# Every nonabelian group of order 6 has a non-normal subgroup of order 2 (revisited)

I am fully aware that this question has already been addressed here and here. The question, however, derives from a Dummit and Foote exercise (section 4.2 exercise 10 page 122) and the answers provided make use of material that appears later in the book, or, at least, I do not clearly understand them in terms of the material that I have studied already.

So, I would like to submit the following tentative proof 'from first principles' (i.e. Dummit and Foote before page 122). As I feel insecure about it, I would be grateful if you could check it.

Consider a nonabelian group G of order 6. By Cauchy's theorem, the group contains at least one element of order 2, and therefore at least one subgroup of order 2. Suppose this/these subgroups are all normal. This would imply that all elements of order 2 commute with all elements of G.

The remaining elements of group G are of order 1 (which trivially is in the center of G), or order 3 (order 6 would imply the group is cyclic and therefore abelian). Since all elements of order 2 are in the center, the order 3 elements will commute with them. The following reasoning shows that they also commute with each other.

Let $$x≠y, |x|=|y|=3$$. $$$$ and $$$$ are normal in $$G$$ because their index is $$2$$. Now $$x\{1, y, y^2\}=\{1, y, y^2\}x$$ implies, in the nonabelian case, that $$x.y=y^2.x$$ and $$x.y^2=y.x$$. Likewise, $$y=y$$ implies $$y.x=x^2.y$$ and $$y.x^2=x.y$$. Manipulating these equations shows $$y.x = x.y$$, so the nonabelian case is impossible. Hence, order 3 elements are in the center of G as well.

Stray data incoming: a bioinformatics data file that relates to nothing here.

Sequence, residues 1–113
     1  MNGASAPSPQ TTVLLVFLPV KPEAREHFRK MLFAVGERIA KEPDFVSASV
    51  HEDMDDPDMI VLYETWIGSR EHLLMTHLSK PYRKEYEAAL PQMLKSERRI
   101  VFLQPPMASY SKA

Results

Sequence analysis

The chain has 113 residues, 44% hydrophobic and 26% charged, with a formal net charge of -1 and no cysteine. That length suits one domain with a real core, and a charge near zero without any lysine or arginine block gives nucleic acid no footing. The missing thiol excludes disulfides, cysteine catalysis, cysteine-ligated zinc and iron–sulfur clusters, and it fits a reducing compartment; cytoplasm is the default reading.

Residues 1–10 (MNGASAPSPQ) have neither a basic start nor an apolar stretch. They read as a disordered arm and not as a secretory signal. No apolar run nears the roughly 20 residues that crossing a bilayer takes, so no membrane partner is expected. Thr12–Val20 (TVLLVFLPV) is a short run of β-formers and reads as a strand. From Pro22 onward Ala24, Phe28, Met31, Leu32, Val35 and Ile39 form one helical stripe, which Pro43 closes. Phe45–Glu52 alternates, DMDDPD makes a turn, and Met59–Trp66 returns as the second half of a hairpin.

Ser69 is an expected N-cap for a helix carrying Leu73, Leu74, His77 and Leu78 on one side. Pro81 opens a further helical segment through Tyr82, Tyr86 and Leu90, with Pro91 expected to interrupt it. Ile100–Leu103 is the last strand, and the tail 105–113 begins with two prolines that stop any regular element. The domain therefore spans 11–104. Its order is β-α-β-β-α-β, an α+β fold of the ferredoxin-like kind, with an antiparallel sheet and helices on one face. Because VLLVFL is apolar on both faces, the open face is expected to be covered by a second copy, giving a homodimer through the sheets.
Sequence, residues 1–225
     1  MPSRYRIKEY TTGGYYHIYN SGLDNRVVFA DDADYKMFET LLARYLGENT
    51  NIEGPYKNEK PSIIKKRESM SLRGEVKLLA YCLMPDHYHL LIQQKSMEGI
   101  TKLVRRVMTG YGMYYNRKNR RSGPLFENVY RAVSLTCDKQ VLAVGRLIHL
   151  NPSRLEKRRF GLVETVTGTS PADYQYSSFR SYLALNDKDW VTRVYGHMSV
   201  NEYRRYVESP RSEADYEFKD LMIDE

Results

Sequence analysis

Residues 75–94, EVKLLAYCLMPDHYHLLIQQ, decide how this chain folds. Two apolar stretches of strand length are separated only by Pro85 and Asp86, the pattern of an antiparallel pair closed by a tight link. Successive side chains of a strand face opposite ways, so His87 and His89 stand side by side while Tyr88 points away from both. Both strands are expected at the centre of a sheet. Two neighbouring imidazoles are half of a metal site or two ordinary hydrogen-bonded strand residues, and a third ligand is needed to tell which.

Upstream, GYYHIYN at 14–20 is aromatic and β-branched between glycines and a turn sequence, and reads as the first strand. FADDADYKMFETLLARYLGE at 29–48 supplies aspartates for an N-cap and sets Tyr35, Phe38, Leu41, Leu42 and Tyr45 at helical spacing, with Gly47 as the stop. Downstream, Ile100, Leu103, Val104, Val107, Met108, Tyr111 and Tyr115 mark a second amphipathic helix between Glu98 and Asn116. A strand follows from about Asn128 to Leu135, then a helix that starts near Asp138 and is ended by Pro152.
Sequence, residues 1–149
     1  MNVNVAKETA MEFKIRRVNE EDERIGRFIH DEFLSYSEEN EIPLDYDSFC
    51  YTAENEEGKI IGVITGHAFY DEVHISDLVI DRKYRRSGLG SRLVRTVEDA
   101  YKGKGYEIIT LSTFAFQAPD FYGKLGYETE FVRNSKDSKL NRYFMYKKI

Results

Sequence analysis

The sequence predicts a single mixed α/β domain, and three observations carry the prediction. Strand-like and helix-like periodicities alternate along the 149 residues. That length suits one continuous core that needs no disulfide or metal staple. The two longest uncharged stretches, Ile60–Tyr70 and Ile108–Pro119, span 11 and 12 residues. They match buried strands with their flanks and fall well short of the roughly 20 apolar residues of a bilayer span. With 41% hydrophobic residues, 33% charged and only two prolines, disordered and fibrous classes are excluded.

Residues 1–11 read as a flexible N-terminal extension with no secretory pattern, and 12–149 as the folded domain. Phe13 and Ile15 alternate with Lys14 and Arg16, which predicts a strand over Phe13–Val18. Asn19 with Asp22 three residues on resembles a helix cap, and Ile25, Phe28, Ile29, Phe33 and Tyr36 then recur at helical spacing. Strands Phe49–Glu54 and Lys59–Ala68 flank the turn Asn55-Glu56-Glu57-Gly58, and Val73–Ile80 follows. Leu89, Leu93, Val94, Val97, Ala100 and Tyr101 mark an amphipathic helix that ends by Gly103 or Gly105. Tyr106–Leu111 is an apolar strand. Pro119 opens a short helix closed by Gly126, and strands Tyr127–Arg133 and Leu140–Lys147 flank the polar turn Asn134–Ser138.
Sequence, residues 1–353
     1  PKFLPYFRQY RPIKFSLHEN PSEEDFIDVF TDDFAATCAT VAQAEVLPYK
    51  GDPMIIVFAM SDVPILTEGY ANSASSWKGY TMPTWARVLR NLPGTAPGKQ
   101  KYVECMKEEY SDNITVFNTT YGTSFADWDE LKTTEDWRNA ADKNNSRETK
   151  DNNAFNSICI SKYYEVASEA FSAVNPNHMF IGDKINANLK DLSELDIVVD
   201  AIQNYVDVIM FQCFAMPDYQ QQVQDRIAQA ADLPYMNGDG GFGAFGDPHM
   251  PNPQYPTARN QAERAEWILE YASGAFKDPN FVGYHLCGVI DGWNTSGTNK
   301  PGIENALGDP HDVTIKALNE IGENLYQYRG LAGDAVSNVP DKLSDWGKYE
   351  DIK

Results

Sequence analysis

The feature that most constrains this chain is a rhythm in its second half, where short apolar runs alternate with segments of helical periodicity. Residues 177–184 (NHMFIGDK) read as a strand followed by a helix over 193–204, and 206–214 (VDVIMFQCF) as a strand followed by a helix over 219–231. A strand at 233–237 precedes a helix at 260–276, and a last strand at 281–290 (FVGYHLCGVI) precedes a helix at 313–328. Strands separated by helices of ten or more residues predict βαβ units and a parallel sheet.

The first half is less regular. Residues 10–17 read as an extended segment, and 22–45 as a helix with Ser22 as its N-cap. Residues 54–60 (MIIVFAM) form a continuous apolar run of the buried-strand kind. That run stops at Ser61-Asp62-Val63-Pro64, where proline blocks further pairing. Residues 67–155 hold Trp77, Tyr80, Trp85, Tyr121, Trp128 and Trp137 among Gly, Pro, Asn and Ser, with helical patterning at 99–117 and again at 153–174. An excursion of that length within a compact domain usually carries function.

Therefore, G would be abelian, contrary to the assumption. So, at least one of the subgroups of order 2 should be non-normal.

• Can you justify this sentence: 'Since all elements of order 2 are in the center, the order 3 elements will be also in the center.' – Berci Jan 4 '19 at 12:05
• @Berci. Spot on! I overlooked the fact that order 3 elements also would need to commute with each other. However, I might have a patch for that, which I edited into the post for further checking. – Frank De Geeter Jan 4 '19 at 19:40

Basically your reasoning is correct (well done!): to write it with somewhat more "sophistication" - if $$N \lhd G$$, with $$|N|=2$$, then $$N \subseteq Z(G)$$, that is what you are using. Now if $$x \in G$$ with $$ord(x)=3$$, then, since $$N$$ is central, $$N \subsetneq C_G(x)$$, where the inclusion is strict, because of $$|N|=2$$ not divisible by $$3$$ ($$x \in C_G(x)$$). But $$|G:N|=3$$, so $$G=C_G(x)$$, meaning $$x \in Z(G)$$ and hence $$G$$ is abelian.
Once you have Cauchy's theorem available it is clear that any non-abelian group $$G$$ of order $$6$$ is isomorphic to $$S_3$$ -- which has a non-normal subgroup of order $$2$$. Indeed, by Cauchy's theorem there exist elements $$r$$ and $$s$$ in $$G$$ of order $$3$$ and $$2$$ respectively. The subgroup $$C_3=\langle r\rangle$$ is normal in $$G$$ because it is of index $$2$$. So $$G=C_3\cup C_3\cdot s$$ and $$G=\{e,r,r^2,s,rs,r^2s\}$$. Because $$C_3$$ is normal, $$srs^{-1}=r^k$$ for some $$k=0,1,2$$. Since $$s^2=e$$, we have $$r=s^2rs^{-2}=s(srs^{-1})s^{-1}=r^{k^2}$$ so that $$k^2\equiv 1 \bmod 3$$, i.e., $$3\mid (k-1)(k+1)$$. For $$3\mid (k-1)$$ the group is abelian, so that we have $$3\mid (k+1)$$ and $$G\cong D_3\cong S_3$$.